Iberdrola: Leading the energy revolution with science-based targets

To find out more about how Iberdrola is ramping up its sustainability efforts, the Science Based Targets initiative (SBTi) sat down for a chat with Roberto Fernández de Albendea, the company’s Director of Responsibility and Corporate Social Responsibility.

What is Iberdrola’s science-based target and why did you set it?

We updated our science-based targets in 2020 by committing to reduce absolute scope 1, 2 and 3 GHG emissions by 43% by 2030 from a 2017 base year, to increase our decarbonization ambition to limit warming to 1.5°C. This ambitious target also supports our goal of being carbon neutral in Europe by 2030 and worldwide by 2050.

Iberdrola is fully committed to the Business Ambition for 1.5°C campaign and has developed a business strategy consistent with limiting warming to 1.5°C, and a goal for a fully decarbonized energy sector by 2050 is at the center of this transition. Iberdrola has also supported the Race to Zero campaign and the urgency to bolster climate commitments. In addition, the company has taken the Just Transition and Decent Jobs Pledge, encouraging companies to follow International Labour Organization’s core labour standards.

What are the key components of your decarbonization strategy?

As a global renewable energy industry leader, we play a significant role in global decarbonization. Iberdrola began transforming its business model more than 20 years ago when we opted for a sustainable, safe and competitive energy model based on decarbonization. We have closed 17 coal and fuel oil thermal power stations since 2001 and reduced our emissions intensity (gCO2/kWh) by over two thirds since 2007.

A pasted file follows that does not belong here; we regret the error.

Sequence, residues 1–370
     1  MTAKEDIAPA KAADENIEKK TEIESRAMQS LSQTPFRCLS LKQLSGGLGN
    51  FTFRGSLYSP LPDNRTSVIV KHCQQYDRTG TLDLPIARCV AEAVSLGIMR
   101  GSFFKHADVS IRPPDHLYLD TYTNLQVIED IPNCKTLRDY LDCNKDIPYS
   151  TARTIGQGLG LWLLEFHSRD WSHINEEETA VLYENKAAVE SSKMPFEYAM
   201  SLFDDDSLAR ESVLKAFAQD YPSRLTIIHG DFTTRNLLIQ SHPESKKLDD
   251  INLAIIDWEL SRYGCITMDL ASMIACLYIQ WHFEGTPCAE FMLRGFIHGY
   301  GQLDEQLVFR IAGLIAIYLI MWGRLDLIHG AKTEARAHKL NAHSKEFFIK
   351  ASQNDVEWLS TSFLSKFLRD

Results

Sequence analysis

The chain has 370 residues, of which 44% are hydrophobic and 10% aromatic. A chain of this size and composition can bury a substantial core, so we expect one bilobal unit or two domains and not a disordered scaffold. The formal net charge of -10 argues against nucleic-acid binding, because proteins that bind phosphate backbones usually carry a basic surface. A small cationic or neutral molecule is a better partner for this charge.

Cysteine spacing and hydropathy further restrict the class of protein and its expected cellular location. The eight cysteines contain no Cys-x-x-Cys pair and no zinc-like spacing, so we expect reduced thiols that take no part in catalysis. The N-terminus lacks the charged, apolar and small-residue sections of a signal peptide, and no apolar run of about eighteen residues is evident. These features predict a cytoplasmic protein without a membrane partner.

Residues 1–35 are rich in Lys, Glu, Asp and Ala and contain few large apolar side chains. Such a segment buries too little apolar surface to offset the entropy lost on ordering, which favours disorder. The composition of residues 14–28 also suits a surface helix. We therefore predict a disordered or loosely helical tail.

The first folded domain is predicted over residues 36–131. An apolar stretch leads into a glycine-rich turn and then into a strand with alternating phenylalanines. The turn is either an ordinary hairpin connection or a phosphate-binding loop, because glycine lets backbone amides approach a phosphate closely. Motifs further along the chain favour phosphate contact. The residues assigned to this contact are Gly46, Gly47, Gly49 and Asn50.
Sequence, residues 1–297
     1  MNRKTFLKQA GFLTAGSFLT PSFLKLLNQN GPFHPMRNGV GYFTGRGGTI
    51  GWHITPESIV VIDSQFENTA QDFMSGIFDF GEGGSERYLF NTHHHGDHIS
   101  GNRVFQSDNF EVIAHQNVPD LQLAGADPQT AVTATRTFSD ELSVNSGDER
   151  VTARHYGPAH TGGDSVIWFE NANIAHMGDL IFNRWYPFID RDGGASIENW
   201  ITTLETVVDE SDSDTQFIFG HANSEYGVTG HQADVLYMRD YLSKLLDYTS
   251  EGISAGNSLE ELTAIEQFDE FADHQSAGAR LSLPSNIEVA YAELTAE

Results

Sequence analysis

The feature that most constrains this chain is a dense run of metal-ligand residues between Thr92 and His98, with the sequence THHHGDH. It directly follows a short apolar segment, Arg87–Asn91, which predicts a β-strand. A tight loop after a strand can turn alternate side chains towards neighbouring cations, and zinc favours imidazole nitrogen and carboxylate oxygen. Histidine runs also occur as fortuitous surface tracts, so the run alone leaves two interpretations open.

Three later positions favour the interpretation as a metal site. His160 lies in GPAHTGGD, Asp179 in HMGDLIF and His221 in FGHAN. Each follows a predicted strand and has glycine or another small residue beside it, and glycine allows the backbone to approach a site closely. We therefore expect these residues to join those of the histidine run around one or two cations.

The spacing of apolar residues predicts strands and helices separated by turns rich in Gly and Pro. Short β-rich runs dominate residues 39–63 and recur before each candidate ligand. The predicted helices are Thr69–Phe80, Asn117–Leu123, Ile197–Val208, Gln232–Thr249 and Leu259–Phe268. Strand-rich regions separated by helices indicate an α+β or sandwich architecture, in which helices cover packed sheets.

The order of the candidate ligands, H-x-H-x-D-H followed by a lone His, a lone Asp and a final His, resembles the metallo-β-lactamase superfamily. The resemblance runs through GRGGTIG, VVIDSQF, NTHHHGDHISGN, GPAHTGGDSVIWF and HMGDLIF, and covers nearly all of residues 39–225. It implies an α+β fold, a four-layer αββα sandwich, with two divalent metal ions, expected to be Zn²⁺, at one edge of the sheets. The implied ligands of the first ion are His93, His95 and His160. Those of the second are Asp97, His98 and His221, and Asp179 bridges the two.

The electrification of the economy is playing a pivotal role in replacing fossil fuels in power, transport and heating. Therefore, we seek to guarantee affordable and accessible energy across our three global businesses: networks, renewables and wholesale and retail. We are also driving transformation in these areas:

  • Tripling our currently installed renewable capacity to 60GW in 2025, and then reaching 95GW in 2030. In 2025 the clean energy portfolio will be divided between onshore wind (26GW), offshore wind (4GW), solar (16GW) and hydro (14GW).

  • Networks will be critical to the electrification of the economy and the industrial revitalization of all territories. Planned investments in networks will exceed €27 billion by 2025 and the regulated asset base will reach €47 billion in 2025, after a 1.5-fold increase from 2019.

  • The company will increase the number of contracts with customers worldwide to 70 million by 2030, up from 43.8 million at present, offering intelligent and innovative digital solutions. For residential customers, products will support energy storage, heat pumps, self-production and electric mobility. For industrial clients these will include smart solutions, electrification processes and green hydrogen.

What short-term climate actions are you progressing?

We are making progress on our plan to invest €75 billion in leading the energy transition by 2025, and plan to spend an additional €75 billion by 2030. The company is rolling out flagship projects to achieve our global strategic plan.

  • Iberdrola is going to build a macro offshore wind complex in UK waters, the East Anglia Hub, our biggest offshore wind project worldwide. The project, with an investment of £6.5 billion, will start in 2022 and is expected to take four years. It will supply clean energy to 2.7 million British homes.